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My Daughter Shoots! [VIDEO] Can I get a little bit of advice please?

Discussion in 'The Okie Corral' started by stevyHD, May 30, 2013.

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  1. stevyHD


    May 29, 2013
    Hi everyone, I wanted to let you know that I just started a new series entitled "My Daughter Sh0ots!"

    I would love for you guys to check it out and leave a comment to let me know of any tips or advice that could help me to teach my daughter better. As I am still so new to firearms and not knowing much myself. So please, go check it out and share it with your friends.

    I posted this on another forum that I am a member and got a lot of great advice, I am hoping to gain some more from you guys. :)

    Thanks. :)

    Here's the link:

    As well, I hope someday to get her into the GSSF, I was wondering what the minimal age limit is for competitors? And what are good habits/procedures should I begin installing in her now?
    Last edited: May 30, 2013
  2. Nice video! Your daughter has it down pat. tom.:wavey:

  3. CarryTexas


    Aug 8, 2002
    Very nice! I hope to get my daughter out shooting when she is older.

    **Safety Nazi Alert**

    About the 58 second mark she swept her feet really bad. Might want to help her be more aware of where the muzzle is at all times.
  4. Redheadhunter21


    May 6, 2012
    I didn't watch the whole thing, I'm at work. But I would invest some money into a quality belt and holster just for her. It will help her draw, and keep her from accidentally sweeping her feet. I'll watch the whole video when I can and might have more to comment on.

    Posted using Outdoor Hub Campfire
  5. pizza_pablo

    pizza_pablo USN Retired

    Oct 23, 2009
    Good for you, Dad!
    Way to go!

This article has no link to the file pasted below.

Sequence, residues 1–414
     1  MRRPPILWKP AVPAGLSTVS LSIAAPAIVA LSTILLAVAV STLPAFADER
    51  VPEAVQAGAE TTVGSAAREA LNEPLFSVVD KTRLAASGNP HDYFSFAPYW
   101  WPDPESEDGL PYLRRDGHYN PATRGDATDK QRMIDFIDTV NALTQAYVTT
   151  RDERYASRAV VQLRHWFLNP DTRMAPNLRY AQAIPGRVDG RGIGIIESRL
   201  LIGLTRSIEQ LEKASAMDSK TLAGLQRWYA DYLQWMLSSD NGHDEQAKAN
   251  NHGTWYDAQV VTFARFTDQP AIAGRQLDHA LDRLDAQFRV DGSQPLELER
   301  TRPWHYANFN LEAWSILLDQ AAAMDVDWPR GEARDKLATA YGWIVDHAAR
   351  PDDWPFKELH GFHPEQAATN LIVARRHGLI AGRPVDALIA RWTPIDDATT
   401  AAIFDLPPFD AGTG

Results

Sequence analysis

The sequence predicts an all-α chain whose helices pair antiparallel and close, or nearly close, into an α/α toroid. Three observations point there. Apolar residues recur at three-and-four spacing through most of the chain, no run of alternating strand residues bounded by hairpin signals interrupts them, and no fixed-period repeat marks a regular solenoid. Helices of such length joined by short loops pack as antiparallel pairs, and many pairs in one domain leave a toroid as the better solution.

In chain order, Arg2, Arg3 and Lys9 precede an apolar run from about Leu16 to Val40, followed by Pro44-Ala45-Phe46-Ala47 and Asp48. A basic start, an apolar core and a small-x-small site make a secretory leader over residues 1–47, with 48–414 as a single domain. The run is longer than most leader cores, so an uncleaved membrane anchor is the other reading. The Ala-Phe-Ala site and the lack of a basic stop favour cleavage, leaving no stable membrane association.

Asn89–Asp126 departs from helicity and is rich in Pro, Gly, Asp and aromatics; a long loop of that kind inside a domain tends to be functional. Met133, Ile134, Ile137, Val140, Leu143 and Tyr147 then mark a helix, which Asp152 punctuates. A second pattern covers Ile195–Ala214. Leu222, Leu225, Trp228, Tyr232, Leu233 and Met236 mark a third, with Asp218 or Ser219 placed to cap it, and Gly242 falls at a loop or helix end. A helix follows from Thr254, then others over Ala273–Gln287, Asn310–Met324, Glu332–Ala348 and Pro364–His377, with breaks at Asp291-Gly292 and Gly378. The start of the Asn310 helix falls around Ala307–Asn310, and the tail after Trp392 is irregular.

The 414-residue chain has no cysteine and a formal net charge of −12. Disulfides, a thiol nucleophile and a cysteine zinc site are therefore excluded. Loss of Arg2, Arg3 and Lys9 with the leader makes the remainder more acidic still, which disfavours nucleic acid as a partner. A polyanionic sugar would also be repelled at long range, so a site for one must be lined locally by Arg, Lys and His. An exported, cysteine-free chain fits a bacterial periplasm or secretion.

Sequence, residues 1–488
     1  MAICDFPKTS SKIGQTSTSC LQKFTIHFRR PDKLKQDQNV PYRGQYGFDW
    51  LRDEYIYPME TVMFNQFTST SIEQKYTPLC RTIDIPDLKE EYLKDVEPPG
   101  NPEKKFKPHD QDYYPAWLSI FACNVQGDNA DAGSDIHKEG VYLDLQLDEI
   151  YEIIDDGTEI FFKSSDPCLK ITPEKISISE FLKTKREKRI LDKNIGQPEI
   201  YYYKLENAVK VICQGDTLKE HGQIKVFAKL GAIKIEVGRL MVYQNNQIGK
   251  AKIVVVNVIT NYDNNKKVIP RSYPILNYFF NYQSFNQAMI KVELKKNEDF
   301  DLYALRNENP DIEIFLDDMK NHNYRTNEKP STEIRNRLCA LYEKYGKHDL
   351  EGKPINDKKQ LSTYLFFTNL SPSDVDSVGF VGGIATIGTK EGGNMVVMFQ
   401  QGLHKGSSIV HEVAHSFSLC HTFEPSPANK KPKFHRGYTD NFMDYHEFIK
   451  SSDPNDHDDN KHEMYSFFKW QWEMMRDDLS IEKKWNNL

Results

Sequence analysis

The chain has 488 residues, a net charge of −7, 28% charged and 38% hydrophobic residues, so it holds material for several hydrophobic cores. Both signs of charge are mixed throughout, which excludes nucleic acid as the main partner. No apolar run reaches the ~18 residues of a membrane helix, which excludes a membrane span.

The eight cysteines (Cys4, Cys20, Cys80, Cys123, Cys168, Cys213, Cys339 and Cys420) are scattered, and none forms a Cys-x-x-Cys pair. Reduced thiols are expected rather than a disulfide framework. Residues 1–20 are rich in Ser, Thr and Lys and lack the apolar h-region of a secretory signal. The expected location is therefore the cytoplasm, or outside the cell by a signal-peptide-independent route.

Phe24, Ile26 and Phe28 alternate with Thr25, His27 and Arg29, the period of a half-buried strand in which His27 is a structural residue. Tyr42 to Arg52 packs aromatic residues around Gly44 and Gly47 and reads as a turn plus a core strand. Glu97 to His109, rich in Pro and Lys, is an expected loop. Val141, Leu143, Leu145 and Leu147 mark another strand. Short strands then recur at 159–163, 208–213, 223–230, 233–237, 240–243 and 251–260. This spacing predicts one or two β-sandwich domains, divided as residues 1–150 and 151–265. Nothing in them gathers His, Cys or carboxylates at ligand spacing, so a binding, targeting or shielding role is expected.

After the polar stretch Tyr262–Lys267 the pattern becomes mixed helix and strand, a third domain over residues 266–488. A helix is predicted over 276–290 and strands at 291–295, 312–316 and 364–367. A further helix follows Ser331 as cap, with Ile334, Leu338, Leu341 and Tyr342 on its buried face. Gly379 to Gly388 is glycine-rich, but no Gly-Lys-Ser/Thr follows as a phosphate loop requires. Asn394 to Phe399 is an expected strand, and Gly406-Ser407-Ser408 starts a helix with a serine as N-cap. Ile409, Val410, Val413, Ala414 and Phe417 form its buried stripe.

6. stevyHD


    May 29, 2013
    Thanks for the compliments, this is really only her 3rd time shooting a gun. We usually go out for a few hours about once a week. She still has a lot to learn, but then I do as well. :)

    I was wondering though, what is the minimal age limit for competitors in GSSF? Also, what are good habits/procedures should I begin installing in her now?
  7. cfrye11


    Nov 19, 2012
    I turned it off when you did your "safety check"

    molan labe
  8. Clusterfrack


    Apr 26, 2012
    Pacific NW
    I think it's great that you are helping your daughter learn to shoot. My 13 year old shoots uspsa, and makes me proud. A few observations since you asked:

    I do not think your daughter is ready to draw a loaded gun from a holster, or to reholster. Not even close to ready.

    As pointed out, your equipment isn't ideal either.

    And, while I'm sure you will cherish the videos you make, I think you need a 3rd person involved. An experienced shooter needs to watch that girl like a hawk 100% of the time and should be within arms reach. That's hard to do if you're shooting video.

    Best of luck, and stay safe!
  9. okie

    okie GT Mayor

    Oct 28, 2001
    Muskogee Ok.
    Nice video my friend:cool:
  10. NickC50310


    Jun 9, 2005
    Des Moines Iowa
    I agree with clusterfrack.

    Dry fire drills at home.

    Also how did you build that pigeon holder?

    Nice video though! Good job on getting her involved! You look just like mrgunsngear BTW! Lol!

    posted using Outdoor Hub Campfire
  11. CarryTexas


    Aug 8, 2002

    I hope you understand those of us that have pointed out safety issues. Some things that seem obvious to me may not to you. And no one wants to see a child hurt because we chose to stay quiet.